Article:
Nominations closed last Sunday (17th September) for the post of Scottish Labour Party (SLP) leader, left vacant by the recent resignation of Kezia Dugdale. There will be two names on the ballot paper: Anas Sarwar and Richard Leonard.
Sarwar was a Westminster MP from 2010 to 2015, when he lost his seat in the SNP landslide. In 2011 he was elected Scottish Labour Party deputy leader but resigned from the post in late 2014. In the 2016 Holyrood elections he was elected as a Glasgow list MSP.
Sarwar certainly has money and an election machine at his disposal.
His father is a multi-millionaire, a former Westminster MP (who represented the same seat as his son, who directly succeeded him), and Governor of the Punjab until 2015. Sarwar has already hired campaign rooms and paid staff for his campaign.
His problem is his politics. A former vice-chairperson of the right-wing Progress faction in the Labour Party, he came out in support of Corbyn in 2015, campaigned very publicly for his resignation in 2016, and has now transformed himself into a born-again Corbynite.
Last year he was dismissing Corbyn’s chances of winning a general election as zero. This year, as a contender for the post of SLP leader, he wants to help “elect Jeremy Corbyn as Prime Minister”.
Sarwar presents himself as the “unity candidate”, capable of bringing together the different wings (pro-Corbyn and anti-Corbyn) of the Labour Party.
But this ignores his own role last year in helping to polarise the SLP in the leadership contest, and the fact that it is only the SLP right wing which has rallied behind his leadership bid and is attempting to mobilise support for it.
There is also an obvious incongruity between Sarwar standing to be the Scottish leader of a party committed to govern “for the many, not the few” and the fact that he himself is one of the “few” rather than the “many”.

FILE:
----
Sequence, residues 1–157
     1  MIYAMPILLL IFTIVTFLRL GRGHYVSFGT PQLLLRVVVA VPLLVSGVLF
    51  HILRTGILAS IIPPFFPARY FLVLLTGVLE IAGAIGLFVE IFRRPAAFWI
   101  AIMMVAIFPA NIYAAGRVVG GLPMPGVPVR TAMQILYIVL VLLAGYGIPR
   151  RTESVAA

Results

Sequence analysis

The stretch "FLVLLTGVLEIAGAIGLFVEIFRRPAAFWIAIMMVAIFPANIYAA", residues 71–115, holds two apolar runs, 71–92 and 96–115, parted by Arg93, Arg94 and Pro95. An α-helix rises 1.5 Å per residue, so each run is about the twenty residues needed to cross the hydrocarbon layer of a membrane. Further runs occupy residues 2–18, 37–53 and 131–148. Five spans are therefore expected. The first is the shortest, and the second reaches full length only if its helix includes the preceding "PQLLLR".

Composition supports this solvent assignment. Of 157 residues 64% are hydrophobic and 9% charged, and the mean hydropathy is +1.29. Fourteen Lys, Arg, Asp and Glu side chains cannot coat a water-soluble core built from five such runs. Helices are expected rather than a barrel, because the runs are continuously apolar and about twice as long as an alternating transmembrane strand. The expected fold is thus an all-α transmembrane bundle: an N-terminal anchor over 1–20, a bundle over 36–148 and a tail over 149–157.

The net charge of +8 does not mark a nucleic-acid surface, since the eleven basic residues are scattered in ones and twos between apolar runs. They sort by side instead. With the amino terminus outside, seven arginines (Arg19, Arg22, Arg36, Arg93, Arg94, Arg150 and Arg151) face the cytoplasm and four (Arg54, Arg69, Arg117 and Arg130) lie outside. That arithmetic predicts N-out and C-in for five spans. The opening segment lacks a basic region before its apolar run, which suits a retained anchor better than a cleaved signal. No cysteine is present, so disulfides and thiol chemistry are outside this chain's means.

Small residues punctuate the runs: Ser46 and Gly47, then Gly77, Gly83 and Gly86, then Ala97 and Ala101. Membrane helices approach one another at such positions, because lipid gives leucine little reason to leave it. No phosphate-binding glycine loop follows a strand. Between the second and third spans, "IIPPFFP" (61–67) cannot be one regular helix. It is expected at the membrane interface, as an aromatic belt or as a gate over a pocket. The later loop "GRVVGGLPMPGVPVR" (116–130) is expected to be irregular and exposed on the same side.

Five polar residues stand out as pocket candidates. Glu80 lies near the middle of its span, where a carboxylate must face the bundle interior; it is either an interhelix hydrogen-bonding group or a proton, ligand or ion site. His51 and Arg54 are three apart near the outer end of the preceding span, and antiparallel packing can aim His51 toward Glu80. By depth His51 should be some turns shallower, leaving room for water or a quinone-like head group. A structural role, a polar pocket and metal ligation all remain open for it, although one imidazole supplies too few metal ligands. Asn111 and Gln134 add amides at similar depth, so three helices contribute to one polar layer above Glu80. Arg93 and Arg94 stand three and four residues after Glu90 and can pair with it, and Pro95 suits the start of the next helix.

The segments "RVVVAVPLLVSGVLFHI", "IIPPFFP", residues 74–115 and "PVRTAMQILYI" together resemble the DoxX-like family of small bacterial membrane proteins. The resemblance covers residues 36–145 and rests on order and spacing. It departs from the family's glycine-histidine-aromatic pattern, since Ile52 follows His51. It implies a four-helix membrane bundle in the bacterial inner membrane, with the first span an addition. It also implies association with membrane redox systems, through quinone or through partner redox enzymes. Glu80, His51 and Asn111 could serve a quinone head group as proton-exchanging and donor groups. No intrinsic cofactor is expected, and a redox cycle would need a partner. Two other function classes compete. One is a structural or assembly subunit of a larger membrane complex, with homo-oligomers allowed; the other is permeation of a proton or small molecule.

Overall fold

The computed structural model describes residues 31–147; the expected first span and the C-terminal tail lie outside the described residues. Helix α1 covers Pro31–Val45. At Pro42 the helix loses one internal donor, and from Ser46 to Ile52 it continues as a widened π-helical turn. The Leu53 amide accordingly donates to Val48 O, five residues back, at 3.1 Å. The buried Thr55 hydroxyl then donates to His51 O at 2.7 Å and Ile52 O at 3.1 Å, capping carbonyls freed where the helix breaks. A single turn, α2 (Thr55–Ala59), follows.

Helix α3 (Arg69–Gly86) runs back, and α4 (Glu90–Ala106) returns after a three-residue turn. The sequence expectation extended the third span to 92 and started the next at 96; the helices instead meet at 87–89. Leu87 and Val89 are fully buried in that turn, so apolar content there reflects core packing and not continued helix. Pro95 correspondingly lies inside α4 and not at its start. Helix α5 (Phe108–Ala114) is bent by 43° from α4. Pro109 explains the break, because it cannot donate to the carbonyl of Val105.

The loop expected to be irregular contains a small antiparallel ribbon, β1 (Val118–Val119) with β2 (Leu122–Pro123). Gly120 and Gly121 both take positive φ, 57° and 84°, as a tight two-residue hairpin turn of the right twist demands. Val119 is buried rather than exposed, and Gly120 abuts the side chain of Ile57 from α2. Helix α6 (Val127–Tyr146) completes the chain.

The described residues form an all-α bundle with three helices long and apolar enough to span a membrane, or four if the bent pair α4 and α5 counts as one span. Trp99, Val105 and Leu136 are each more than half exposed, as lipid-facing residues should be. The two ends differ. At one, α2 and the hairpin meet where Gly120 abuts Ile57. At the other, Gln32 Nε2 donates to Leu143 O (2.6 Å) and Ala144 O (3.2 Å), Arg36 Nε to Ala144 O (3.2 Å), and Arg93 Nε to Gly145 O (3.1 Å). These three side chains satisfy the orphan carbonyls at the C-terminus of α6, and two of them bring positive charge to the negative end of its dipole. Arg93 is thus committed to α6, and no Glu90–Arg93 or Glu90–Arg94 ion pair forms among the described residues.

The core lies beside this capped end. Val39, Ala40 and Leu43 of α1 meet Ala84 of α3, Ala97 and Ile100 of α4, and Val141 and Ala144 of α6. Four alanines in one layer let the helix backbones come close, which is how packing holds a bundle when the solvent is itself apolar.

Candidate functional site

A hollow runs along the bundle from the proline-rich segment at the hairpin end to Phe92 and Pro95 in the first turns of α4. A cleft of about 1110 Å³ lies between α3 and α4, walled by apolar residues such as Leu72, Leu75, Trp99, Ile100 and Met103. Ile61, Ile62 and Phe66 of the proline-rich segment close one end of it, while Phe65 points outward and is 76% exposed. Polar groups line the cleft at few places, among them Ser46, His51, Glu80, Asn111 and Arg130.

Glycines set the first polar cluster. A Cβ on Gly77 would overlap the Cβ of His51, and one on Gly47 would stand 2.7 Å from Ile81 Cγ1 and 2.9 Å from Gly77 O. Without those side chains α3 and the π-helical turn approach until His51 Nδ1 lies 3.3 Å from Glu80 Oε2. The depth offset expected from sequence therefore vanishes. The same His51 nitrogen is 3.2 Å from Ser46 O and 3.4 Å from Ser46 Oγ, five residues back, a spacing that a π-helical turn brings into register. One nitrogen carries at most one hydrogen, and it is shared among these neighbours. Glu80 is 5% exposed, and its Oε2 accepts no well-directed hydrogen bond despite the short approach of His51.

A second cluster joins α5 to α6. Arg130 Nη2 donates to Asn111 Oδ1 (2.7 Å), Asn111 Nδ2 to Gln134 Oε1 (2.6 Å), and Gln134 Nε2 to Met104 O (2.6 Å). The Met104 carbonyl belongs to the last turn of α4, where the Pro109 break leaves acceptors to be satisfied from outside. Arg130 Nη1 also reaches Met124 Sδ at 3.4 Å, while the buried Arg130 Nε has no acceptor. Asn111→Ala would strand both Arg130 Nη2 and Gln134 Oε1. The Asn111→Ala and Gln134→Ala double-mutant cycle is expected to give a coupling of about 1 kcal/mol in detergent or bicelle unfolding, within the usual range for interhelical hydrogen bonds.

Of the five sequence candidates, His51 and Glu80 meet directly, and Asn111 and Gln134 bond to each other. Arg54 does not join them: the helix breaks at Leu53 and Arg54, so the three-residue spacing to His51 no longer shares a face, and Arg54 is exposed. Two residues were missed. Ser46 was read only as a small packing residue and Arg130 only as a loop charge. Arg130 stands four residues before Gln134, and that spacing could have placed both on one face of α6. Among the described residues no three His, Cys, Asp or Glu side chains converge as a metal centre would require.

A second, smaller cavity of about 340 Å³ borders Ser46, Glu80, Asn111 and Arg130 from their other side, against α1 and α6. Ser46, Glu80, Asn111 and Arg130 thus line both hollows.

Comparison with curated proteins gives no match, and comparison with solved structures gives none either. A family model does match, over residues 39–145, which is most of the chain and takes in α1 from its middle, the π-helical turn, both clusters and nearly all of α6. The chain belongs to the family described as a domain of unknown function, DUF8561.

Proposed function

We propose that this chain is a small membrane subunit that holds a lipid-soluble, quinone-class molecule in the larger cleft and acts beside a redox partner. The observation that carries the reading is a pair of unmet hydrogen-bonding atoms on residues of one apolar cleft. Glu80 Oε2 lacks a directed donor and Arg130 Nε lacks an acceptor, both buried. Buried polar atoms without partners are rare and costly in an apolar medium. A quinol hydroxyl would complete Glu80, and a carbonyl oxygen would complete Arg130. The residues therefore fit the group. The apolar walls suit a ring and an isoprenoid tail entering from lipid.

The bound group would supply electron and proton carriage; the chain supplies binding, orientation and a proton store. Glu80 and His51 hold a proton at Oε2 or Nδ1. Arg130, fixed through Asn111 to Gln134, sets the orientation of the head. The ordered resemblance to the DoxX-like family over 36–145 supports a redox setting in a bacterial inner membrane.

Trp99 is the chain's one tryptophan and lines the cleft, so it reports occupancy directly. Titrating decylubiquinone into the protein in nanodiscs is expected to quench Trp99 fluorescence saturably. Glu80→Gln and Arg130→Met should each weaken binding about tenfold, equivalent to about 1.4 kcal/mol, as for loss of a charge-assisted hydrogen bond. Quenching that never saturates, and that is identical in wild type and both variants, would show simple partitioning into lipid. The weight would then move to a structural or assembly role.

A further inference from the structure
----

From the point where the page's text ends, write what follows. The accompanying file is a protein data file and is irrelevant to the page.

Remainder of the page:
He sends his son to a private school, at a cost of £10,000 a year. But less than 5% of children in Scotland attend private schools. Sarwar spends more on private-school fees than is the total income of most unemployed people.
Although never a member of the Campaign for Socialism, the left-wing contender is Richard Leonard, a former GMB full-timer who was elected to Holyrood as a list MSP in 2016, after having failed to win election as a constituency MSP in the 2011 elections.
In contrast to Sarwar, Leonard was one of the few MSPs who signed an ‘Open Letter’ supporting Corbyn in last year’s leadership contest.
Speaking at his campaign launch last Saturday, Leonard said that “real change” (his campaign slogan) would not be achieved through “nationalism or patriotism” but through “socialism and democracy”.
He committed himself to “radical policies for the many, not the few”, including rent controls, a workers’ right-to-buy, and an industrial strategy which “considered” public ownership of the railways, Royal Mail, and energy.
Sarwar is backed by a majority of Scottish Labour’s MSPs, MPs and MEPs. This was inevitable, given that change in the political composition of Scottish Labour’s parliamentarians lags way behind change in the political composition of the broader Party membership.
In terms of trade union nominations, the most that Sarwar will achieve is support from Community and USDAW, both of which always back the right-wing candidate (and no matter how right-wing) in SLP elections. All other unions will likely back Leonard.
Although SLP membership has grown and has shifted to the left over the past couple of years, it is primarily a matter of relative growth and relative political change – starting off from the base of the right-wing rump organisation which right-wing control of the SLP reduced it to prior to 2015.
Although Corbyn probably won a majority of votes from affiliated and registered supporters in Scotland in the 2016 leadership contest, and also a majority of CLP nominations, a small majority of the SLP individual membership backed Owen Smith.
The leadership contest is likely to be close. Campaigning for Leonard needs to be combined with the broader task of wresting control of CLPs from the right wing and transforming them into campaigning organisations rooted in local communities and workplaces.